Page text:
This Palm Sunday we heard a special sermon from Hope’s church-planter-in-residence, Jared Daugherty, and it really resonated with me. Keeping with the theme of the church he will be planting this Fall, he preached from Acts 17:16-34 about the provocative, revolutionary message of the Gospel, which contains one of the most detailed depictions in Paul’s ministry of an effective gospel presentation. I’m not going to spend time summarizing the sermon (which can be listened to here), but will instead focus on one of the main themes of Jared’s sermon that I’ve been feeling particularly strongly about lately: contextualizing the Gospel.
Before I go on, I’ll quickly define what I mean by “contextualizing the Gospel.” It does not mean, as Jared was sure to point out, simply changing or watering down the Gospel to be more palatable or appealing to peoples’ sensibilities. For example, twisting the Gospel to say, “God loves you and wants to bless you so if you pray to Him, He’ll give you lots of stuff and make your dreams come true.” Phrases like that don’t contextualize our faith, but destroy the gospel’s central point, by which Jesus becomes so valuable to us that it is in our best interest to give away everything else we have in order to receive Him. (As Jesus says in Matthew 13:44, and Paul in Philippians 3:8-9.) The very essence of the gospel is discarded and replaced with feel-good American materialism to sell books and fill church pews.
The currently-popular Christian maxim about how Christianity is “a relationship, not religion,” while true in its rejection of Pharisaical ritualism in favor of authentic faith, can also be used to support a blanket rejection of tradition or an individualistic, “just me and God” Christianity that goes counter to the idea of the body of Christ as a community (which is, after all, Hope’s middle name). The line between good and bad contextualization is thinner here, but I think it’s dangerous to parallel faith too closely to human relationships. It definitely makes Christianity more accessible to outsiders, but risks losing out on the mind-blowing reality and depth of knowing the infinite, majestic God of the universe.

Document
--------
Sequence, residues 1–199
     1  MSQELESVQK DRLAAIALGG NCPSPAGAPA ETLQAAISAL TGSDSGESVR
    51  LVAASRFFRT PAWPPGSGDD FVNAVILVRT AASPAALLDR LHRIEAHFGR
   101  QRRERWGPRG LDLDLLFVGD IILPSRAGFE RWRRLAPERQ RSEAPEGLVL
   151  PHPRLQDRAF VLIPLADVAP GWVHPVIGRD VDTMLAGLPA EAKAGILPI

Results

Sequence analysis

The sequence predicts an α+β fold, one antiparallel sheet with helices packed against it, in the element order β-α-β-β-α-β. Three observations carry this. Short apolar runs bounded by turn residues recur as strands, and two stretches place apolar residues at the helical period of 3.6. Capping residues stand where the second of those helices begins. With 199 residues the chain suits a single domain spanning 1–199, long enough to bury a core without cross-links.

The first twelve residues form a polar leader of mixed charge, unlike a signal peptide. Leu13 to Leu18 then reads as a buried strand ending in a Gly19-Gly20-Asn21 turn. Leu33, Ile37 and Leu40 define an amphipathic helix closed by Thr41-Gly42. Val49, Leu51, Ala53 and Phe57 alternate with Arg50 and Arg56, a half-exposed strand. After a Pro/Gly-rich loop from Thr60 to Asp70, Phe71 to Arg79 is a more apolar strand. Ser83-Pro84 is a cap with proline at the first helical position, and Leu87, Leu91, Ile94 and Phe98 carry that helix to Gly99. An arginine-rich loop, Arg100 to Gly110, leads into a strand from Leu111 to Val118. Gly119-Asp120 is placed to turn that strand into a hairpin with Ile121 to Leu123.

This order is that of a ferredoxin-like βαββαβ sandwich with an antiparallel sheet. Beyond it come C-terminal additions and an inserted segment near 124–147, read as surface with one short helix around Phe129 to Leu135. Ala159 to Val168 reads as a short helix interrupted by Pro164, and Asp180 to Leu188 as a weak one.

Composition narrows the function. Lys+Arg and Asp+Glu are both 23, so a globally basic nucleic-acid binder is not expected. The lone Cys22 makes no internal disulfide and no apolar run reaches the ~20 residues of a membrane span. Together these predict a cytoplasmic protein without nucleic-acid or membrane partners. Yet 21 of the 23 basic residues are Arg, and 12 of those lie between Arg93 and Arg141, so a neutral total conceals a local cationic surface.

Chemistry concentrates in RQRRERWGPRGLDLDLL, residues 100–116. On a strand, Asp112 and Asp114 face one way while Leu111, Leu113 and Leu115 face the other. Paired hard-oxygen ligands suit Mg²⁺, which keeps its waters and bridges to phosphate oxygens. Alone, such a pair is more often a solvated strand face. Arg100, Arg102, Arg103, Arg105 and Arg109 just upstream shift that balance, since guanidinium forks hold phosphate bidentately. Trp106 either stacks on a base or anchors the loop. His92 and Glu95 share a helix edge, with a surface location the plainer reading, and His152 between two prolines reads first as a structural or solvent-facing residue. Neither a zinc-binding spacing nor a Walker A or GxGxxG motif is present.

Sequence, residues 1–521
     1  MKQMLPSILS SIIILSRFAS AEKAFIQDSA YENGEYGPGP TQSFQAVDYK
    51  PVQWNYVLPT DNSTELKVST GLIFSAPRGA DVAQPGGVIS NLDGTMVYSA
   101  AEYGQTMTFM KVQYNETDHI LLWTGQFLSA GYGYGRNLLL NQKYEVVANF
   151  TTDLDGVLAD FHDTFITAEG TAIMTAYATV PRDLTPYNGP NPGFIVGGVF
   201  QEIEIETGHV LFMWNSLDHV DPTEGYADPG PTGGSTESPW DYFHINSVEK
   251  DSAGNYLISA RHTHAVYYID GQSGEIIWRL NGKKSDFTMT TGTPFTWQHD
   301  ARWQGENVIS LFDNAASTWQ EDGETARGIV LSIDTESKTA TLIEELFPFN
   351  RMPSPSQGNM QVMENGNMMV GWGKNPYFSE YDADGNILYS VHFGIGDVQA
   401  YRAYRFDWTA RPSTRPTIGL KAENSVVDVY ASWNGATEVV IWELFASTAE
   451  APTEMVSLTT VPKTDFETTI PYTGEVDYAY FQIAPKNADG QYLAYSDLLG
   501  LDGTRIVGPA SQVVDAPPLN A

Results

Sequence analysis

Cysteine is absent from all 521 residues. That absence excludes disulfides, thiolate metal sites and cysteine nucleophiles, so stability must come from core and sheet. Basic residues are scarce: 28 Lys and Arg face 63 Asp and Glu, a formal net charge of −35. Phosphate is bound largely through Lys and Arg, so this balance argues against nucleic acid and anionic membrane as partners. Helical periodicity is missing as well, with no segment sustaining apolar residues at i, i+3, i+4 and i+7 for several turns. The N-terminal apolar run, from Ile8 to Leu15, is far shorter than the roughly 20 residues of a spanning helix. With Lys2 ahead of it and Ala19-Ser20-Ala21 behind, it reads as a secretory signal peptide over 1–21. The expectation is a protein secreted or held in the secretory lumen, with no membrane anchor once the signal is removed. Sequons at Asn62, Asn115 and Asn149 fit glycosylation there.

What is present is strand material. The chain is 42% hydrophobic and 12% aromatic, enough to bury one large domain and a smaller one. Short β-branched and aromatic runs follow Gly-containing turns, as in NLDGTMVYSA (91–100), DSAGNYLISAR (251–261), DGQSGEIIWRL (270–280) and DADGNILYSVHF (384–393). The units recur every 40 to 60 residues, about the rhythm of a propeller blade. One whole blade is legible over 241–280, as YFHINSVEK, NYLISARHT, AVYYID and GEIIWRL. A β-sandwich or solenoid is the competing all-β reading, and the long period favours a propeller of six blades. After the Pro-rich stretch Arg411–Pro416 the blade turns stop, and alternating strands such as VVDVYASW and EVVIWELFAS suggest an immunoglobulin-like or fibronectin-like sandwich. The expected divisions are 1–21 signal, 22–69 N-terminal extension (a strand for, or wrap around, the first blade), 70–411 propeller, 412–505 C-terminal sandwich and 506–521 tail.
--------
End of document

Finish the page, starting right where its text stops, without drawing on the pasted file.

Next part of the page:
What I do mean is the process by which we take the timeless truth of the Gospel and explain, in more detail, what it means to a specific group of people in a specific social/cultural/historic setting, meeting people where they’re at. I think many faithful Christians, rightly enamored with the Gospel and passionate about helping others to know God, often forget this step or see it as secondary to simply presenting God’s truth. For example, John 3:16, the “rainbow hair guy” verse, is one of the most succinct and complete statements of the Gospel in scripture. But it is not especially contextualized; it speaks to timeless spiritual realities that transcend human contexts and cultural blind spots. Someone in a specific context presented with it might have trouble understanding the idea of a personal God who loves the world, or God having a son, or the nature of belief, or of eternal life. Contextualization is how we adapt our presentation of these truths (not the truths themselves) to a specific audience to help the Gospel come alive to them!
Next week I’ll get into how, specifically, Paul contextualizes the gospel in the passage Jared preached on, Acts 17:16-34.